How to Handle the Generational Shift in the Workplace

Julie Shenkman
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As Baby Boomers start to age out of the workforce in larger numbers, HR departments are seeing a generational shift. In many companies, employees range in age from new college graduates to experienced professionals who are nearing retirement. Managing the transition effectively can help you minimize conflict and create a more productive environment.

Modern businesses are working with employees that come from four distinct generations. Baby Boomers, the oldest group, were born in 1964 or earlier. At the opposite end of the spectrum are Millennials, who were born in the early 1980s to the early 2000s. In the middle are Generation X and Generation Y. Each group has distinct ideas and working styles, which makes it essential for HR professionals to take an active role in creating a cohesive workforce.

Offer Additional Training

The Internet is an ever-present force in modern business — one that can present problems during the generational shift. As more businesses move toward a heavier social media and Internet presence, older workers may feel left out. Millennial workers are often comfortable learning and adopting a new technology, while Baby Boomers may struggle to keep up. Specialized training in emerging technology can help all of your workers feel confident and capable. To avoid making older employees feel singled out, consider offering training sessions online or outside of business hours.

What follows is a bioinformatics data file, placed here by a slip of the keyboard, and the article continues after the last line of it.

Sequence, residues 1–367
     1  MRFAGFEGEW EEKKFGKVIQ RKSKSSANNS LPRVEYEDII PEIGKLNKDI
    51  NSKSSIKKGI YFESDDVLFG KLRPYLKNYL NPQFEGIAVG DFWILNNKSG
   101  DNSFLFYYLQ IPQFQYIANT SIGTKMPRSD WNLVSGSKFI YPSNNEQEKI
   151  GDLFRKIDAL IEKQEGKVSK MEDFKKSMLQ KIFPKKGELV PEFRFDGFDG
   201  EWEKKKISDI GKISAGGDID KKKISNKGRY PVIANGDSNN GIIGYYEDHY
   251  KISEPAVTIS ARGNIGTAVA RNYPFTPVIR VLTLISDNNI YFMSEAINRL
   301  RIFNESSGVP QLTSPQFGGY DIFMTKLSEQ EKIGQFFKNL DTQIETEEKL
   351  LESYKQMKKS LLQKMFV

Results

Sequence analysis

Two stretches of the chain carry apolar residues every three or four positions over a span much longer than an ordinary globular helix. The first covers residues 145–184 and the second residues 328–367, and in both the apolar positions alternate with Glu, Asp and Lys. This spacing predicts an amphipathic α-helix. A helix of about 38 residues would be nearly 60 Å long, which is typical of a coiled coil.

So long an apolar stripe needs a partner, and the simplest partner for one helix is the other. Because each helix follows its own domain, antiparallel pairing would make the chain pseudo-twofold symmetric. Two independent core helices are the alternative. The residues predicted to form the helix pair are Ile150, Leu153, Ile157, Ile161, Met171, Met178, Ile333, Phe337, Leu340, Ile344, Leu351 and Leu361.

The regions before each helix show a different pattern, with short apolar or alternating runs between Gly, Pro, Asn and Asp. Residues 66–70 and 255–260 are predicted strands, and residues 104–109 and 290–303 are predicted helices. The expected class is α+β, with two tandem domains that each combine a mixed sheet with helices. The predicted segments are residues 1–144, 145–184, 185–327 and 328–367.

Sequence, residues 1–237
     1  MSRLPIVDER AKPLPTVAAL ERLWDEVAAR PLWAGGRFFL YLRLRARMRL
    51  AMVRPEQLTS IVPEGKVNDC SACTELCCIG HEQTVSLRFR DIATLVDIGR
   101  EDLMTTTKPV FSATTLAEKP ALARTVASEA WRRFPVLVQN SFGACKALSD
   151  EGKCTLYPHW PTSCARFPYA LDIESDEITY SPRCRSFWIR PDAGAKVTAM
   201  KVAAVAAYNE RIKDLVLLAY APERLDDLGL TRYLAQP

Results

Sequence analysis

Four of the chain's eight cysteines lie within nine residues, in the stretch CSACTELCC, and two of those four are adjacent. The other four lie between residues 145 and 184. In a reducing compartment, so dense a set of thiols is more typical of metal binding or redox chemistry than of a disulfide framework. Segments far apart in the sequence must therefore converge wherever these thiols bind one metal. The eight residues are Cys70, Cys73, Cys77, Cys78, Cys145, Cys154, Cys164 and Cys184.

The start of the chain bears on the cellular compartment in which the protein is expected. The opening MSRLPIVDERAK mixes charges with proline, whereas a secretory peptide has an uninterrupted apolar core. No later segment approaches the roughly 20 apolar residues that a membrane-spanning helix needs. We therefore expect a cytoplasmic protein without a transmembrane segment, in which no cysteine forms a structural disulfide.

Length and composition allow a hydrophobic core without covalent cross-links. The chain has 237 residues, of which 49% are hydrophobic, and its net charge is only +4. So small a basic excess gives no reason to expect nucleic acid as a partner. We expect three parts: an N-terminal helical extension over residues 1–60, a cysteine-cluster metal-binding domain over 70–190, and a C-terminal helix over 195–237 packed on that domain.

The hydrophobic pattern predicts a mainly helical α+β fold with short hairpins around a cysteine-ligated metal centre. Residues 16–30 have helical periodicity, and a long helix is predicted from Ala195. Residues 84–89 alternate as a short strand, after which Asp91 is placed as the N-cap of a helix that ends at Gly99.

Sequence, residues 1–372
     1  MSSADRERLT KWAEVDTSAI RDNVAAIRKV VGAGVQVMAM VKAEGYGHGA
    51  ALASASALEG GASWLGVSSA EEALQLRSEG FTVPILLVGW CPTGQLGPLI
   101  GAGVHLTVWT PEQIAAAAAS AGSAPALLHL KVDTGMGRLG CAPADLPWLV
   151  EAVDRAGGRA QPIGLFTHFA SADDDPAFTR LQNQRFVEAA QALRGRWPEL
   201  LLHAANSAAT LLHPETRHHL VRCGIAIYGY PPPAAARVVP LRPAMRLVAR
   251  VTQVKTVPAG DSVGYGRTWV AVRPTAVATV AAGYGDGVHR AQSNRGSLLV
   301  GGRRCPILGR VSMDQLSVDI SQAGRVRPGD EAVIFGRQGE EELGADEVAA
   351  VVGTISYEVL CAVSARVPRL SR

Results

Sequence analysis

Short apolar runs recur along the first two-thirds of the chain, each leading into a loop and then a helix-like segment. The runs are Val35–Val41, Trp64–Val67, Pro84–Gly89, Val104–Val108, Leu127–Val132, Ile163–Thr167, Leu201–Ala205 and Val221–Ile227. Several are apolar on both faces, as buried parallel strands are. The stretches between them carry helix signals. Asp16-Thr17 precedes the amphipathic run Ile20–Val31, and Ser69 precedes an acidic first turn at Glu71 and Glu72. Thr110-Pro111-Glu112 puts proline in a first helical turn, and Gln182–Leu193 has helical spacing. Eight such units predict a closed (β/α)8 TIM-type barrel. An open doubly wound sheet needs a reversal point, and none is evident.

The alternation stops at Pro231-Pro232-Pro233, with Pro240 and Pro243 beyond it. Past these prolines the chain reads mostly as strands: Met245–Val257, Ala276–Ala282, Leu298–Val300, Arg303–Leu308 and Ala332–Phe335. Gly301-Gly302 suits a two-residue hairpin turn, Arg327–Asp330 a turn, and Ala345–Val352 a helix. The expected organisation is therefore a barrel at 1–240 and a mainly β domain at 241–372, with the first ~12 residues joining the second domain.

Understand Generational Motivations

As the generational shift in the workplace continues to progress, it is crucial for HR professionals to understand the attitudes and motivations of each generation. In order to handle a multi-generational workforce, you must gain insight into their psyches. New research shows that Millennial workers may be lacking in traditional leadership skills, while Baby Boomers are more open-minded than Generation X employees. Younger employees often respond well to flexibility, while older workers may prefer structure and stability. Once you have insight into each generation, offer training to managers and supervisors throughout your company. Provide resources for conflict resolution, and help managers find ways to use each generation's strengths to benefit the company.

Create a Mentoring Program

A lack of understanding is one of the common problems in workplaces that are undergoing a generational shift. Older workers might feel that Millennials are too unfocused, while younger workers might not understand why Generation X does not seem to grasp the power of technology. A mentoring program can help bridge the gaps created by the generational shift. By matching older and younger employees, you can foster relationships and understanding. While it is not realistic to expect a program to overcome the generational differences, it can help make workers be more open to each other's ideas.

The generational shift presents a unique challenge for HR professionals. As you navigate the dramatic age range of employees in a multi-generational workforce, education and collaboration are crucial. In the end, your efficient guidance can pave the way for a more open and understanding workplace.


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